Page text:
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Ministerial statement

THE SECRETARY OF STATE FOR HEALTH'S ANNOUNCEMENT OF A PUBLIC INQUIRY INTO PAEDIATRIC CARDIAC SURGERY SERVICES AT BRISTOL ROYAL INFIRMARY

Frank Dobson, Secretary of State for Health, made the following statement to the House of Commons on Thursday 18 June 1998:

"I promised that once the General Medical Council had completed its disciplinary proceedings against the three doctors concerned, the Government would establish an independent inquiry into children's heart surgery at the Bristol Royal Infirmary. On 29 May, the GMC announced that it had concluded that many of the charges against the doctors were proved. It has taken further time to consider what action to take against the doctors concerned. Today, it has struck off two of them, Mr Wisheart and Dr Roylance, and censured Dr Dhasmana.

The inquiry will be chaired by Professor Ian Kennedy, professor of health law, ethics and policy at University College London. He is an eminent lawyer and an expert in medical, legal and ethical issues. He has written extensively on problems arising from the care of severely disabled new-born babies. He has chaired the Expert Advisory Group on ethics of xenotransplantation and the Advisory Group on rabies and quarantine. He was a member of the Expert Advisory Group on AIDS.

Under the National Health Service Act 1977, as Chairman of the Public Inquiry Professor Kennedy will have the power to require witnesses to attend the Inquiry; to give evidence on oath and to produce documents. Criminal penalties are available against any who refuse to do so.

I intend to announce the other members of the inquiry and its detailed terms of reference very soon. Today I can make it clear that the inquiry will examine all aspects of what went wrong at Bristol. It will identify any professional, management and organisational failures and make recommendations to safeguard patients and their families in the future.

I have had three meetings with the representatives of parents of children who died or suffered brain damage following heart surgery at Bristol Royal Infirmary. I was deeply impressed by their grief at what had happened to their children, by their dissatisfaction with how they - the parents - has been treated since, and by their disillusion with the clinical, professional and management arrangements which failed to deliver the standards of treatment and care that everyone has come to expect from the national health service. We owe it to them to get to the bottom of what went wrong in Bristol - that all the facts are exposed and responsibility is identified. We also owe it to them to try to complete the inquiry within a reasonable period so that they can make a new start in their lives. We owe it to them and everyone else in our country to make sure that lessons are learned so that such a tragedy never occurs again.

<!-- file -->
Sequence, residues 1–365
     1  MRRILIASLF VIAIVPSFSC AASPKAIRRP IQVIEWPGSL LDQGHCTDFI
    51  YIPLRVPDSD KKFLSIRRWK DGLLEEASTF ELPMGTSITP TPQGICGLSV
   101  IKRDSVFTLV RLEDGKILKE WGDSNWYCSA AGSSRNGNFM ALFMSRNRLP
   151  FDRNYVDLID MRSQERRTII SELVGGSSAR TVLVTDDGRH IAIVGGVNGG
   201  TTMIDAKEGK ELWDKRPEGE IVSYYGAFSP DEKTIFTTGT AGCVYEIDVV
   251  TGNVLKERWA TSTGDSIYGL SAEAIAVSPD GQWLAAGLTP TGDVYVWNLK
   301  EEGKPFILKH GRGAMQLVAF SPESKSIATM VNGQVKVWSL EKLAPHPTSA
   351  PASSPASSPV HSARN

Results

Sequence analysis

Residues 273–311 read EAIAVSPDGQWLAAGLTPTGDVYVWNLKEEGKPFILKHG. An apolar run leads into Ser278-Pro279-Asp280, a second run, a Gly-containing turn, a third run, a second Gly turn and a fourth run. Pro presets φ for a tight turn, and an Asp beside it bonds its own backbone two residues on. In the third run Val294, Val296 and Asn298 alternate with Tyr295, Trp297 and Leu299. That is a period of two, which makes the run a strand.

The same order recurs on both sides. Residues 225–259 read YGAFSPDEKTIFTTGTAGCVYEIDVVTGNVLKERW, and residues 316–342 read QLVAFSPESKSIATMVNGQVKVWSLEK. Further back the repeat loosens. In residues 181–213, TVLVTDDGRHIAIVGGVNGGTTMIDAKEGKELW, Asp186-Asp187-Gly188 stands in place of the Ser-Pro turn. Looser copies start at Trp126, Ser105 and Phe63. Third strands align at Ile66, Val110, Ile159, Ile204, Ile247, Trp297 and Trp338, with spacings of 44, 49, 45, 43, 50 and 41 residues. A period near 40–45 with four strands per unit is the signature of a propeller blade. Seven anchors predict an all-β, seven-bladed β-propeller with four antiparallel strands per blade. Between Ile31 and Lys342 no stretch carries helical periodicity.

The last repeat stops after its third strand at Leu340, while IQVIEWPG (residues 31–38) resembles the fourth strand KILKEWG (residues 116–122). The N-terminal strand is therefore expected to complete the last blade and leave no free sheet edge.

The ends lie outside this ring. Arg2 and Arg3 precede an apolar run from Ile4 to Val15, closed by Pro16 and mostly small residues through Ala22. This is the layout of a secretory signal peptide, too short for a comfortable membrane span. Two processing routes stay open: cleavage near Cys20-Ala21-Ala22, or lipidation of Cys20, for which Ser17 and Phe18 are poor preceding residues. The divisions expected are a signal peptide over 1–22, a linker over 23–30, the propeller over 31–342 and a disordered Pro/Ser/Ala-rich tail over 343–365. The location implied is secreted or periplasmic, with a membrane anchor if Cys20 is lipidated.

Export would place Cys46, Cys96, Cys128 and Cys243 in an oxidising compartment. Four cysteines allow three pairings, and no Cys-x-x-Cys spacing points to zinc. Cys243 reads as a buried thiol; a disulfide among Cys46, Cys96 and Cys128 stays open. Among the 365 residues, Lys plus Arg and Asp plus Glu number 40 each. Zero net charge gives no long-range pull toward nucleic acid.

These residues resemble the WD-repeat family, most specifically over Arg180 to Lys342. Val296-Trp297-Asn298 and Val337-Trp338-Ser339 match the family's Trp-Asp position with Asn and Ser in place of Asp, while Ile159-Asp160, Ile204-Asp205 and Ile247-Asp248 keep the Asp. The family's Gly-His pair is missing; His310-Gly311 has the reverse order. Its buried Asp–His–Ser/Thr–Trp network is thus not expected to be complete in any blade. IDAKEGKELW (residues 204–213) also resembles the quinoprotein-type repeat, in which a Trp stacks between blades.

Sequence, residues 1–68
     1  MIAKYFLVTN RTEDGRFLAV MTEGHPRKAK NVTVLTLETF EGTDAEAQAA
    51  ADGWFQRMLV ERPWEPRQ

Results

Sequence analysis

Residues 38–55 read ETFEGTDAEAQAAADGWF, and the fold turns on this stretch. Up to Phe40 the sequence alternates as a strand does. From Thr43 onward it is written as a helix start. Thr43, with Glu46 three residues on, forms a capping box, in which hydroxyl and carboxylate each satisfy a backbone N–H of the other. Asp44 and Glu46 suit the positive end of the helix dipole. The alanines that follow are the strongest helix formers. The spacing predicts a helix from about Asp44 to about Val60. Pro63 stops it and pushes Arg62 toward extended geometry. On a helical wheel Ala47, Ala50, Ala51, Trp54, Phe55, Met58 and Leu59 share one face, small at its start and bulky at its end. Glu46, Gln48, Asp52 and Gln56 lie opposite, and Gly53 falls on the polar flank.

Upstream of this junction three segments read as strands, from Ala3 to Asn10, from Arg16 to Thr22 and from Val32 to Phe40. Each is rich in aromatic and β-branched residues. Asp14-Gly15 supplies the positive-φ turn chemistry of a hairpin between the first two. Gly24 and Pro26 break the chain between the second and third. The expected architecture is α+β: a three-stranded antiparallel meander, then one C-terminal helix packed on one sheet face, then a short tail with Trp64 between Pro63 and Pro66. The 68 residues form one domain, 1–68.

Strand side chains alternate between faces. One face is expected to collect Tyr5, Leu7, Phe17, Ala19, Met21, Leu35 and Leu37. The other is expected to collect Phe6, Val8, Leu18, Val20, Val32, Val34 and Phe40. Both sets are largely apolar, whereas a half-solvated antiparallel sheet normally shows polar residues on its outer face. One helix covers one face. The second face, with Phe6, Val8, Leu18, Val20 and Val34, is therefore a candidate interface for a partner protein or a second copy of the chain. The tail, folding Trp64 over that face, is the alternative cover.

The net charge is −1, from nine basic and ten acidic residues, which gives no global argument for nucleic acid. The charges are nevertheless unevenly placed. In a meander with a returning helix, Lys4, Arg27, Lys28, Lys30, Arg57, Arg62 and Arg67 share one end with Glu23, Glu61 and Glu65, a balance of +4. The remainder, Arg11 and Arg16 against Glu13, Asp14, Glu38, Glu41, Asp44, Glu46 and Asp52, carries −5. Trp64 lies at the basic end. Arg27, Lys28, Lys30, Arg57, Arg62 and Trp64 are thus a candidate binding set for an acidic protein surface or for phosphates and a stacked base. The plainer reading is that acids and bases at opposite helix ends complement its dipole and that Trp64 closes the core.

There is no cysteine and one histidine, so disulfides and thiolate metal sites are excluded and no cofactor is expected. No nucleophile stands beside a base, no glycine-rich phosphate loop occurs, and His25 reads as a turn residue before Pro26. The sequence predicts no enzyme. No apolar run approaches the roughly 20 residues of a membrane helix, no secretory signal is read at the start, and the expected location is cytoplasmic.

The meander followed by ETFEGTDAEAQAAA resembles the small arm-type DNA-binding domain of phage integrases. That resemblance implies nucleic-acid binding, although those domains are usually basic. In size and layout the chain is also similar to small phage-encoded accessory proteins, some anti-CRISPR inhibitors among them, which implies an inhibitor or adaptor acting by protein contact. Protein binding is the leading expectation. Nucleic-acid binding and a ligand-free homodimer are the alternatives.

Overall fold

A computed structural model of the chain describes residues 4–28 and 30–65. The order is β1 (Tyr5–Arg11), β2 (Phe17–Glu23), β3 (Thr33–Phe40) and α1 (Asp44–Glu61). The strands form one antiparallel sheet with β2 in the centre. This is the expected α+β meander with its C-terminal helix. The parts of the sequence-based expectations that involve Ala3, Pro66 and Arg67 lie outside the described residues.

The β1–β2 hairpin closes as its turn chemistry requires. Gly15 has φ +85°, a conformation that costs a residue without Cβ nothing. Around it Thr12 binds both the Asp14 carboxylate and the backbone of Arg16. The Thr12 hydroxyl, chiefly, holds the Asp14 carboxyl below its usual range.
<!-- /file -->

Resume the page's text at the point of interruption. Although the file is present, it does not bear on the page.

The Government are not going to wait for the outcome of the inquiry before taking action to in place new machinery for setting and maintaining clinical standards in the national service. As we spelled out in December in our White Paper, "The New NHS", we are introducing a whole range of measures.

We will establish a national institute for clinical excellence to set national standards. No such organisation exists at present. We will place a duty of clinical governance on NHS trusts. They do not have such a duty at present. To make sure that the new national standards are being met, we will establish a commission for health improvement. There is no such organisation at present. We will require all hospital doctors to participate in national external audit. There is no such requirement at present.

We will enable all patients and their GPs to get information on treatment success rates at their local hospital. They have no such right at the moment. All those measures have been welcomed by the Bristol parents. They have been welcomed by the medical nursing and midwifery professions. They will be included in our forthcoming national health service Bill. Where legally possible, we will proceed with some changes even before the Bill becomes law.

As I said when I met them last Friday to the representatives of the Bristol parents, the measures already in train and any further changes which result from the public inquiry will be too late to save their children; but I think I was speaking on behalf of us all when I expressed to the parents my hope that they would gain at least some consolation from the knowledge that the lessons learned from what their children has suffered should mean that nothing like it ever happens again."

HANSARD Columns 529-530

 


Published by the Bristol Royal Infirmary Inquiry, July 2001
Crown Copyright 2001